He said it was only because he identified as gay. Because he was filling the woman’s role in a relationship. If he had acted as the man he was made to be, Mike said, he would never have questioned his gender. Since he played a woman in bed, he began to think he must be one.

He told me I shouldn’t transition because I would look like Caitlyn Jenner. He said I would spend thousands on hair implants, plastic surgery, augmentation, and more. He wanted me to know that she was still unhappy after spending all that money. She could never feel happy trying to be a woman because she would never be one. She was filling a hole in her life that only the peace of Jesus could fill, Mike told me. He consistently misgendered her.

The conversation ranged from severe criticism of transgender people to pleas for me to repent and let God replace what I lacked. He referenced a recent movie that poorly, sometimes offensively, portrayed a transgender woman. The movie argued that she never struggled with her gender until she put on women’s clothes. Mike believed because she modeled a dress once, she thought she was a woman.  

He told me I would never be happy with my face in the mirror if I transitioned. It could never be enough, because no matter how hard I might try, I would always be a man, he said. He called my thoughts sinful, and told me to surrender them and repent.

My day at Mike Carducci’s house ended in his bedroom, where he held my hands. With his thumbs, he stroked the backs of my hands while he prayed that God would make me the man I was born to be.  

I left, still not a man, still conflicted, even more confused.

I was confused because I had never been attracted to men, and he believed transgender identity comes from homosexual attraction. I was confused because I had known I was a girl a decade before I had the opportunity to dress as one, but he believed wearing women’s clothes made me question my gender. I was confused because the best argument he could give against transition was that I would be ugly.  

Only one thing changed that day. 

I drove home knowing that God doesn’t make mistakes and didn’t make a mistake when setting before me a journey of radically transforming my exterior to reflect my heart.  

Mike spoke with solid, immovable authority. He left no room for nuance, interpretation, or debate. He spoke as if the exact words he used to justify his belief came directly from scripture, though they didn’t. But if he was a stone wall, then I was water. I was fluid, adapting, responsive to my reality. Rocks of fear and shame could not confine my view of God’s image and the tenderness and love with which God confers that self-image. 

Mike made strong arguments for why I shouldn’t and couldn’t entertain gender nonconformity, but even as I drove away, grace began eroding his constructs.

I don’t have a unique story of discomfort, pressure, and predation from Coming Out Ministries. Their directives, given in private settings and on public stages, have led to numerous psychiatric hospitalizations and death by suicide. These are stories I know personally, but are not mine to tell. Many people of my generation, when asked why they are no longer Seventh-day Adventist, or even Christian, point to Coming Out Ministries.  

My story has a happy ending. In September 2020 I came out again as transgender, this time publicly. I knew in the moments leading up to that admission, that declaration, that I could never make a list of reasons long enough or scary enough to justify hiding who I am.

I am a woman. God made me a woman and gave me the tools to discover that. I look in the mirror and see the face I always saw when I closed my eyes before—no wigs, hair implants, or plastic surgery required. My body feels like home.

Many people affected by Coming Out Ministries do not have happy stories to tell. The organization’s reach continues to expand. They claim to offer a message of diversity, equity, and inclusion, while isolating their targets and filling them with shame and hopelessness. The pattern of predation and manipulation spans the stories told by all those who have received Coming Out’s interventions. Despite attending numerous presentations by the organization, I have yet to encounter a true Coming Out success story. Churches willingly invite them to speak because they hear that people like me are an issue that needs solving. Coming Out Ministries makes appealing claims of compassion and hope.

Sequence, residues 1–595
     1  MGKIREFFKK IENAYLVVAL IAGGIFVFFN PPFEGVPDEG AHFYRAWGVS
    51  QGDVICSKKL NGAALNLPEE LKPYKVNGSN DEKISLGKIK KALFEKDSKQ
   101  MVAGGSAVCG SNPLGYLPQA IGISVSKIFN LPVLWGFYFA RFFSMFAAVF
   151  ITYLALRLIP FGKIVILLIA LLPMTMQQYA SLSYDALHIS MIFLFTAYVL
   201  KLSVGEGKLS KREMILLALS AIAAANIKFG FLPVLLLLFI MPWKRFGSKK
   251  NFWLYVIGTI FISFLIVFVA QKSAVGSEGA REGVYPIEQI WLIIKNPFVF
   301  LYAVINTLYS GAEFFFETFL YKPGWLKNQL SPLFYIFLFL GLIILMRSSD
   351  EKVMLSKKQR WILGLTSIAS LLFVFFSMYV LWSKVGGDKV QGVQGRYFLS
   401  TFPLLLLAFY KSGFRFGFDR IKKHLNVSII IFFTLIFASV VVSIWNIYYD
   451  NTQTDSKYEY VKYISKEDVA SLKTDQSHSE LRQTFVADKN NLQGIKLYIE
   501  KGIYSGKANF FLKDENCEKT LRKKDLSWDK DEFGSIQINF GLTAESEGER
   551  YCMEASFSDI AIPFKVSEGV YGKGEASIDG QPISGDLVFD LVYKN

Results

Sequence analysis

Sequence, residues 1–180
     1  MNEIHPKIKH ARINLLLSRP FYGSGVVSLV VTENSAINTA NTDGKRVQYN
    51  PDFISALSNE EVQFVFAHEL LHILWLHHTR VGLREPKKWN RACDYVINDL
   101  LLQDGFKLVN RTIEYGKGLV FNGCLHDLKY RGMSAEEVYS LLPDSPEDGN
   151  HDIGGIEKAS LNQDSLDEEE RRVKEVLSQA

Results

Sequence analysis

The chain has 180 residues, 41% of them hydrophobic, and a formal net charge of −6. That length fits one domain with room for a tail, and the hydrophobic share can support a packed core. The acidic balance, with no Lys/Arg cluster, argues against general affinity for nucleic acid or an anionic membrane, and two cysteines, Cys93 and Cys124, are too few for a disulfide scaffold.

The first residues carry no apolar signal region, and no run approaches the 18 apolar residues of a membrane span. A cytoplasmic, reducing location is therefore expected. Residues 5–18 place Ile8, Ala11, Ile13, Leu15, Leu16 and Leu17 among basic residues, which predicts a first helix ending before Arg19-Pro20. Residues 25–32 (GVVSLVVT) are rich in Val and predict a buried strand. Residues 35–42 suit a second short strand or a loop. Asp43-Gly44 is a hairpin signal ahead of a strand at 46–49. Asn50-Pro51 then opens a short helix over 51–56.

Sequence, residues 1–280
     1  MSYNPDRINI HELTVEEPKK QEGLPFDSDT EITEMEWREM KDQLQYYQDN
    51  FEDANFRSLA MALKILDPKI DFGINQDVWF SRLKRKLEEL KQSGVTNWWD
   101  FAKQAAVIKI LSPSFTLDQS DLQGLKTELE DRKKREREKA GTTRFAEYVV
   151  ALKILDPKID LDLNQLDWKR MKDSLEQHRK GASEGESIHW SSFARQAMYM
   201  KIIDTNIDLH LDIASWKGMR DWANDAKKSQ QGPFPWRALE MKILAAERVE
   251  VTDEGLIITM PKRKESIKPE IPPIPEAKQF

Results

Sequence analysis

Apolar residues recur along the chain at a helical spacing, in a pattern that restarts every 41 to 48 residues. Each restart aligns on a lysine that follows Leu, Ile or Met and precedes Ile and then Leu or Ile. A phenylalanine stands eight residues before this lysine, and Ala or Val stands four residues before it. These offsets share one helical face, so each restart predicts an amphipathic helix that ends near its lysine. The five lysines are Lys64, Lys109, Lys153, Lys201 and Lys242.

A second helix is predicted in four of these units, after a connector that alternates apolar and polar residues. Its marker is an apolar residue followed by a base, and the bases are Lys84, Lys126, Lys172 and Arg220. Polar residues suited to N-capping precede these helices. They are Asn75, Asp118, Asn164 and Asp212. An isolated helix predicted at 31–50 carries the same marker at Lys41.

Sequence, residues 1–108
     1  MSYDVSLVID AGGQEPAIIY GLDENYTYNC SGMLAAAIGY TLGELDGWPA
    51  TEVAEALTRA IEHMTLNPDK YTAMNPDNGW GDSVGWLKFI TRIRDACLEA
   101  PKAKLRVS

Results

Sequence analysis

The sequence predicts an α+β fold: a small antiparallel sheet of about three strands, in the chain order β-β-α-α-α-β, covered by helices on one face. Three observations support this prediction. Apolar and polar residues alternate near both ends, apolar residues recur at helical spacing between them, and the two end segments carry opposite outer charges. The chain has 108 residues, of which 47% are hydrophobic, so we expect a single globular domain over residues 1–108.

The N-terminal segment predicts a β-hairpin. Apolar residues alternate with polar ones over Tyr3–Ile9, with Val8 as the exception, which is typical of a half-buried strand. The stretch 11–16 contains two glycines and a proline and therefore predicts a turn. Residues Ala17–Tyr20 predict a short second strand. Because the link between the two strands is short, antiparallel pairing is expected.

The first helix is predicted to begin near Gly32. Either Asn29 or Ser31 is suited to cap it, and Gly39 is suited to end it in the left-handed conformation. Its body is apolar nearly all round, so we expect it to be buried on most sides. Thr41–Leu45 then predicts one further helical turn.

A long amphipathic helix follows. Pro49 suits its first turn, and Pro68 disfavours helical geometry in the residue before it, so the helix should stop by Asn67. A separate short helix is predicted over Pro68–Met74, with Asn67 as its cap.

Coming Out dangles a delicious solution to the Seventh-day Adventist Church’s vexing “LGBTQ problem”. They offer punishment dressed in redemptive clothing. They offer isolation disguised as friendship. They offer atonement for sins no one has committed. 

As long as Adventists hide behind Coming Out’s dogma to excuse smiling and turning away holy souls at the door, the damage will continue. People will die because they believe their attraction or identity is a fundamental, permanent flaw. That is not hope. That is not healing. That is not compassion. That is actual evil.

Editor’s note: Before the publication of this article, Spectrum reached Michael Carducci for comment. Carducci recalled meeting with the author and said he had photographs from that day. He also acknowledged that swimwear was “provided as an option,” but denied that any of his actions were inappropriate. “I’ve taken many friends up there and we’ve gone swimming,” he said.

When asked questions about his counseling qualifications and education, Carducci described himself as a high school graduate with some college education. He cited Jesus’s lack of education compared with the Sanhedrin and King David’s lack of experience before becoming king.

“So I looked at that, and I think to myself, you know, I don’t know that a college degree is necessary when you’re talking about spiritual things, and spiritual things are spiritually discerned,” he said. “I certainly don’t talk of myself as somebody that’s educated in the world standards, but I have spent 24 years studying the Bible and my own personal experience. And that’s really what I share. And that’s all we offer.”

Carducci confirmed that the physical contact occurred but defended it as not sexual. 

Carducci was invited to share any photos described in the author’s account and any current Coming Out Ministries policies concerning appropriate contact during counseling sessions, but he did not respond by the time of publication. 

Evie Bates

About the author

Evie Bates is the first transgender EMS supervisor in North Carolina history. She holds certifications in prehospital critical care and oversees crisis intervention and stress management at her agency. She spends her rare free time with her partners, her dog, and her two cats. Evie calls Asheville, NC home and takes full advantage of the mountains. More from Evie Bates.